Cumberland Times-News

Local News

May 17, 2013

Fourth-graders name new canal launch boat The Katie Dreamer

CUMBERLAND — Superintendent of the C&O Canal National Historical Park, Kevin Brandt, and C&O Canal Trust President, Mike Nardolilli, hosted a naming ceremony Friday morning at the Canal Place Festival Grounds for one of the park’s new launch boats.

Fourth-grade students from Cash Valley, John Humbird, Frost, Parkside and South Penn elementary schools all submitted names to be considered for the boat. The most popular name and chosen winner was The Katie Dreamer by the fourth-graders from John Humbird.

The students decided on the name after reading a story on “Captain Kate” and her exploration of the canal. The Raptor, The Neon Sailor and The Mighty Miner were the other names submitted in the contest.

Approximately 250 students attended the ceremony and later participated in a series of educational programs at Canal Place during the day. The children had the opportunity to “Meet the Mule,” tour the C&O Canal Visitor Center and the replica canal boat, The Cumberland, and participate in a program on the National Road and the railroad.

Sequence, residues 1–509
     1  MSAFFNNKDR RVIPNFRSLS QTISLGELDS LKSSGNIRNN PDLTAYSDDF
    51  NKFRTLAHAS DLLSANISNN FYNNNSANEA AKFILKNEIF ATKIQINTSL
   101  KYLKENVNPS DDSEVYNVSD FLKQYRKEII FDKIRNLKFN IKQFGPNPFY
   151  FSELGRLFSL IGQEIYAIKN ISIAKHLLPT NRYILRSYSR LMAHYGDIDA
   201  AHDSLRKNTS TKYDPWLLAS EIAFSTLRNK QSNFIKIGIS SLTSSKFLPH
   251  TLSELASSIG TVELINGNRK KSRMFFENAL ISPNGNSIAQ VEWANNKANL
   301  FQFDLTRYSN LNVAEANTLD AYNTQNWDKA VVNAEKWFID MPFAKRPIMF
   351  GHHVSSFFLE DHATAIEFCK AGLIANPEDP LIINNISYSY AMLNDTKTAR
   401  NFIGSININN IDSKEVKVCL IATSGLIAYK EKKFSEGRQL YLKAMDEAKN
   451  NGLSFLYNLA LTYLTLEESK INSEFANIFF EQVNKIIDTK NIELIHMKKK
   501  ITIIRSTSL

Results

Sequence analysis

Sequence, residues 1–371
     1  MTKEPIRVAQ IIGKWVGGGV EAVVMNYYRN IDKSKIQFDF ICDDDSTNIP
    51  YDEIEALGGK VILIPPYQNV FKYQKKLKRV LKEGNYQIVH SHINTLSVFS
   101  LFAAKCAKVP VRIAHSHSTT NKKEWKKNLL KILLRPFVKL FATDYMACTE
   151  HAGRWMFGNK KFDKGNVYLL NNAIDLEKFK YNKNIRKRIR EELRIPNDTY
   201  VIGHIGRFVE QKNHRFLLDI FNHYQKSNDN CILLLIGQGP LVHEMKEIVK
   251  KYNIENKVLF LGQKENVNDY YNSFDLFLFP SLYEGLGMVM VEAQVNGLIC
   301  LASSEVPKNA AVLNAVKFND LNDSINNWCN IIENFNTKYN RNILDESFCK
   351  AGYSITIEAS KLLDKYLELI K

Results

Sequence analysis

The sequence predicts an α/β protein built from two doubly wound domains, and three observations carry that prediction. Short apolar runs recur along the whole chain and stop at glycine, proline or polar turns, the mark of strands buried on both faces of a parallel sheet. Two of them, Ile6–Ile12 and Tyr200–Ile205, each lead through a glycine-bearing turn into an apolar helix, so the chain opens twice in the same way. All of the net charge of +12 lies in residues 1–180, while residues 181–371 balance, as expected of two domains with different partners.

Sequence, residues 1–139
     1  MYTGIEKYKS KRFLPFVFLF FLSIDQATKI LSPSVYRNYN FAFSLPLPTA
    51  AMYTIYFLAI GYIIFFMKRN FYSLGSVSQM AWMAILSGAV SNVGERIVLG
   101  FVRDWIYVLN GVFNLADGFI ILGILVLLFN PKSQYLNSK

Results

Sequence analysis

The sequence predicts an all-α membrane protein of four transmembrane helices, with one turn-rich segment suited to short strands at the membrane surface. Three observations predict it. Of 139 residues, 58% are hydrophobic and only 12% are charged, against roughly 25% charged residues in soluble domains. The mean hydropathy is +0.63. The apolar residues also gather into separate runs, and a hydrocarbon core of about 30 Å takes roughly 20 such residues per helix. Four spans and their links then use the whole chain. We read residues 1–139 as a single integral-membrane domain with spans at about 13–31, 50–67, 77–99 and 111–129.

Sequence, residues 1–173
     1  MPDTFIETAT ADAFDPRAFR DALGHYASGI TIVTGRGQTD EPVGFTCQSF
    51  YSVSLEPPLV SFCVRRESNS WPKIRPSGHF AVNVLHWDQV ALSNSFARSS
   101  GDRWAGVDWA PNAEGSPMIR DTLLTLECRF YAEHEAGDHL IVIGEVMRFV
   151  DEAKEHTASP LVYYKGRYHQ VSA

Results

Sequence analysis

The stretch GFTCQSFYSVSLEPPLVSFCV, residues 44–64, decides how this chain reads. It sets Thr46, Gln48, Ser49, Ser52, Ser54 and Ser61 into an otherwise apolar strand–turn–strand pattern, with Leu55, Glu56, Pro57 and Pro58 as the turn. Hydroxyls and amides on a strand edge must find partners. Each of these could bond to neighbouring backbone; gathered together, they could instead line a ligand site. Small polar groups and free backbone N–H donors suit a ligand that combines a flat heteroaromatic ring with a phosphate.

The C&O Canal Trust is the official nonprofit organization of the canal that helps raise money, run programs and motivate volunteers to help with preserving the canal, according to Nardolilli.

Nardolilli said that it’s important to clean up the canal and donate money to help preserve it because it is “an enormous economic driver for the region.” He cited an increase of bikers traveling on the canal from Pittsburgh and Washington and the hope that they will spend money at local hotels and restaurants as a primary reason to keep the canal in pristine condition.

“It’s more critical than ever for volunteers to donate time and money to help the park,” Nardolilli said.

The history and the nature aspect of the canal are really important, according to Nardolilli, but he noted that “it’s also really about dollars and cents” when it comes to keeping the national park in good condition and attracting tourists.

Nardolilli said that volunteer time is “appreciated by everyone” and encourages members of the community to help preserve the park in any way possible.

The C&O Canal National Historical Park attracts approximately 4.7 million visitors each year and is three times the size of Cumberland in total area. And as Brandt reiterated, “We have to take care of this resource.”

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